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For the past few years, Netflix has automatically started playing the next episode of a show as the last one was finishing, to increase the odds that people stay on the couch a little bit longer.
Now Netflix users might start to see ads for other shows during those countdown seconds, as the streaming giant has said it is testing out recommendations.
"We are testing whether surfacing recommendations between episodes helps members discover stories they will enjoy faster," it said in a statement given to the website Cord Cutters.
Netflix released the statement in response to reports after a Reddit post titled "Netflix forced me to watch an unskippable ad for 'Better Call Saul'" was upvoted more than 4,000 times (the thread has since been removed).
Netflix has clarified that viewers will be able to skip such ads for other shows. "It is important to note that a member is able to skip a video preview at any time if they are not interested," its statement added.
Netflix is known for using data to suggest content to viewers and often tests users' responses, CEO Reed Hastings said in a January earnings call. "But we really, as you can understand, steer by the data where we're doing these city-level, country-level experiments to see what are the efficient ways and productive ways to get, say, 'Bright' viewing very large," he said. Members can opt out of such experiments via netflix.com/donottest.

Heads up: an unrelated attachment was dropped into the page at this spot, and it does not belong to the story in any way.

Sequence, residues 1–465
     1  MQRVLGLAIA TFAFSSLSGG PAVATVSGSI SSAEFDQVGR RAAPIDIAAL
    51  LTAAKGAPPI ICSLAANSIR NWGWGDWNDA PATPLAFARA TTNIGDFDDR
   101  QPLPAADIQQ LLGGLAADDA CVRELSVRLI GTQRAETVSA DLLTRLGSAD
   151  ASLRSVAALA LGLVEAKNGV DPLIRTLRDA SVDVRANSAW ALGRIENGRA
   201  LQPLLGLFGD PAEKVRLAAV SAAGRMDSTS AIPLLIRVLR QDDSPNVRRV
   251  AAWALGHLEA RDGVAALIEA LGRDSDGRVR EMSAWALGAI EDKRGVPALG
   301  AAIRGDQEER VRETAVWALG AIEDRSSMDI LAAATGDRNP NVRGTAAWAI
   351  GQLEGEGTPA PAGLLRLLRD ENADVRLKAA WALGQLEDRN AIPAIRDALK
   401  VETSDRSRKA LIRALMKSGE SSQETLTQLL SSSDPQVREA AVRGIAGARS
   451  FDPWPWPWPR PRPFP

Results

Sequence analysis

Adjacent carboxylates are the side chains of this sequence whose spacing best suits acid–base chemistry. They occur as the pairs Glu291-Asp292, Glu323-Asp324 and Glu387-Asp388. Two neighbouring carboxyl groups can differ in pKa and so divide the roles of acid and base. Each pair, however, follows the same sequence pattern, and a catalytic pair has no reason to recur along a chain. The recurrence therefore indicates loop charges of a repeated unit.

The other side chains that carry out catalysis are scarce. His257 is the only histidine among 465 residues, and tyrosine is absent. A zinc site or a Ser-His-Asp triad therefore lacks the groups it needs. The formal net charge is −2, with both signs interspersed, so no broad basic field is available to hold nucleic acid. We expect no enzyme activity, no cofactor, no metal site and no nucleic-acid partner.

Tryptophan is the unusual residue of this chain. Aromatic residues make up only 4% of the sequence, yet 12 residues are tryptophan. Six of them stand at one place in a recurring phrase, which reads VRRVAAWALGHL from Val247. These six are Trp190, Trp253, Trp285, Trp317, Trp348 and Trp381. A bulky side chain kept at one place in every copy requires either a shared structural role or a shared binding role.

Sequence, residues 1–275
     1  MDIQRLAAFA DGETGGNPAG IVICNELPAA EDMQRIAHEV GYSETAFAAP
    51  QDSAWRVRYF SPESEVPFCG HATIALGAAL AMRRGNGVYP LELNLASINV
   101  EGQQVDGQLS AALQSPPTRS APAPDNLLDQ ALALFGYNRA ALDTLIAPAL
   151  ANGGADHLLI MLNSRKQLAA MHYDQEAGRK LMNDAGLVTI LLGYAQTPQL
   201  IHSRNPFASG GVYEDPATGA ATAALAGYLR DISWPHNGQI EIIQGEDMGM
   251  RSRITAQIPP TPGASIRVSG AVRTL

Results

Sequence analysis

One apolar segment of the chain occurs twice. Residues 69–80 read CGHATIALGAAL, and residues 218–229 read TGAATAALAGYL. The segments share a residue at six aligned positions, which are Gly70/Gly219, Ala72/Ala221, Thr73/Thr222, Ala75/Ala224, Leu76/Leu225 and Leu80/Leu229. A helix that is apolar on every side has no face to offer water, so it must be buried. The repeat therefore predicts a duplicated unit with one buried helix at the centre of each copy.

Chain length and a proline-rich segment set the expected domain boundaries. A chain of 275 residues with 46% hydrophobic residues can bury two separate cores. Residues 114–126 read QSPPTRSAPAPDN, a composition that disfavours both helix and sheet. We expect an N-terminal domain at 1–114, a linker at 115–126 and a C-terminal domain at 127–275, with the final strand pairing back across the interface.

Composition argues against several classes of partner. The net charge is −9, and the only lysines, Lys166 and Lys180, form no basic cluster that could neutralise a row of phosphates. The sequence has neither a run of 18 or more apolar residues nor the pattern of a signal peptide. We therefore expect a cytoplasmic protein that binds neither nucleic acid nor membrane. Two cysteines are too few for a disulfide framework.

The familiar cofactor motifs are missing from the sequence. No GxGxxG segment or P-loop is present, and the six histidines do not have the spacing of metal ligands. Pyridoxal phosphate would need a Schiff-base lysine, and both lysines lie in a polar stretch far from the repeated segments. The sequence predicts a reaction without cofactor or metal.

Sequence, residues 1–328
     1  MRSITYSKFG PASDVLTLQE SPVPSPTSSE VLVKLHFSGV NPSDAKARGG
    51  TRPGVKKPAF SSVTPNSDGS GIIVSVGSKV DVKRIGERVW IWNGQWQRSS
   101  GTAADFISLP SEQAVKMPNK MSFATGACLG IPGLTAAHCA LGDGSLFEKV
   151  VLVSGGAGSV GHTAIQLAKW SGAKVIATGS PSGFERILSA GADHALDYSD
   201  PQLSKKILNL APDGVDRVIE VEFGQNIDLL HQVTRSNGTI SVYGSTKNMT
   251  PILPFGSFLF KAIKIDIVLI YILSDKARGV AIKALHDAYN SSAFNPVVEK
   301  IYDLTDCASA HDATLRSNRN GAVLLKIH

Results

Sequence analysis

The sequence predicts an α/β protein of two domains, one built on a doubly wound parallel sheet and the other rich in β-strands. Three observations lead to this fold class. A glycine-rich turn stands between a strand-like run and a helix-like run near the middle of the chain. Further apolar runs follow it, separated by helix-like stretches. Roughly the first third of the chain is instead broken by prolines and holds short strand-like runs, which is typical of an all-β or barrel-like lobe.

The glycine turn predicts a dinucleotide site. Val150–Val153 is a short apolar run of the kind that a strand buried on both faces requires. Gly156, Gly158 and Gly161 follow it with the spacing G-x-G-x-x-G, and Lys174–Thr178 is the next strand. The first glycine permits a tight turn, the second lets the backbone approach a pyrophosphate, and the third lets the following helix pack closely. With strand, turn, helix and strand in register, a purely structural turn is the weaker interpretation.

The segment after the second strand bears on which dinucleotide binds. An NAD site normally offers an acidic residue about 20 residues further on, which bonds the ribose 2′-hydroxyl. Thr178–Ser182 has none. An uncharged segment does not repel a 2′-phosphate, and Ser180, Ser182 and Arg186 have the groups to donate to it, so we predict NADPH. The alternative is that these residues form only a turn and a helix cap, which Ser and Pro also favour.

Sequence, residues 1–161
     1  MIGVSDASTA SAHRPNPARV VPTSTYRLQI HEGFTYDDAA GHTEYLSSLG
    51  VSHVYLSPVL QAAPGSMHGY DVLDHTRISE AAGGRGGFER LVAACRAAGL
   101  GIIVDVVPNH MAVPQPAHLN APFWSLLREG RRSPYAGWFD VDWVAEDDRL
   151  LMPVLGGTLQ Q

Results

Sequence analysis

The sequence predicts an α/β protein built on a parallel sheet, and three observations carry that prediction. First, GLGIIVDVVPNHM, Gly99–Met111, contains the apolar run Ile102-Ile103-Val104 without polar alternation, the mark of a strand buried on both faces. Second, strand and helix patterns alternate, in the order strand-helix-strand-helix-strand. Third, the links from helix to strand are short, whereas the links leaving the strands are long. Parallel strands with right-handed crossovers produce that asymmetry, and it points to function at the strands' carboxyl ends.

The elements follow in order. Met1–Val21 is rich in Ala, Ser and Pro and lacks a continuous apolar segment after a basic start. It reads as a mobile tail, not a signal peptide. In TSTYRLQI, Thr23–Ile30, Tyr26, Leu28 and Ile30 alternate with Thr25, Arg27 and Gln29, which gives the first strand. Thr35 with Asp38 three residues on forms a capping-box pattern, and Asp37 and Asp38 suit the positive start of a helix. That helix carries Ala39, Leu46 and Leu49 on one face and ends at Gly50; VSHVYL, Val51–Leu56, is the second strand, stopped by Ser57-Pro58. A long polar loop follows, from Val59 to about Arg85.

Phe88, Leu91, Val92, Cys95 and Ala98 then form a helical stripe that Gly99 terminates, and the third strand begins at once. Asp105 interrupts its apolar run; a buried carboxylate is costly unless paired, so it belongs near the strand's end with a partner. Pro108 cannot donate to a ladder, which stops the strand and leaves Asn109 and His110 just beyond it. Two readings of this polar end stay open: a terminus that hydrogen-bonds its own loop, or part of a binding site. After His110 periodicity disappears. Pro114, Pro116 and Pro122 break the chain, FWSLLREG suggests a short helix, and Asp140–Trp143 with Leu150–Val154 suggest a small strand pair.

Hastings ruled out taking ads from external companies on its site, calling it a "core differentiator." But when it comes to spending money to promote its own shows, Hastings would rather the algorithm did the work. "Our sort of Holy Grail dream is that the service was so good at promoting the new content in such relevant ways that we wouldn't have to spend externally," he said.
But Netflix does accept product placement, costing between $50,000 and $500,000 per episode. During an episode of "Stranger Things," teenage characters have an awkward dinner at a parents' home over a KFC takeaway and one of them says: "This is finger-licking good." Netflix approached KFC, said its Chief Marketing Officer Andrea Zahumensky, and the content producer had creative control. "You set boundaries, but you have to let them have creative freedom. We didn't know precisely what the script was," she told CNBC in May.
Netflix reported fewer member additions for the first time in five quarters in July, causing shares to fall more than 14 percent at one point, but analysts called it a speed bump. The company said it would spend around $8 billion on shows in 2018, plus $2 billion on marketing, with Hastings stating in a January investor post: "We are about flat-fee unlimited viewing commercial-free."
A Netflix spokesperson said that the company does hundreds of tests a year to help people find content and added: "A couple of years ago, we introduced video previews to the TV experience, because we saw that it significantly cut the time members spend browsing and helped them find something they would enjoy watching even faster. Since then, we have been experimenting even more with video based on personalized recommendations for shows and movies on the service or coming shortly, and continue to learn from our members.
In this particular case, we are testing whether surfacing recommendations between episodes helps members discover stories they will enjoy faster. It is important to note that a member is able to skip a video preview at anytime if they are not interested."
This story has been updated to include a comment from Netflix.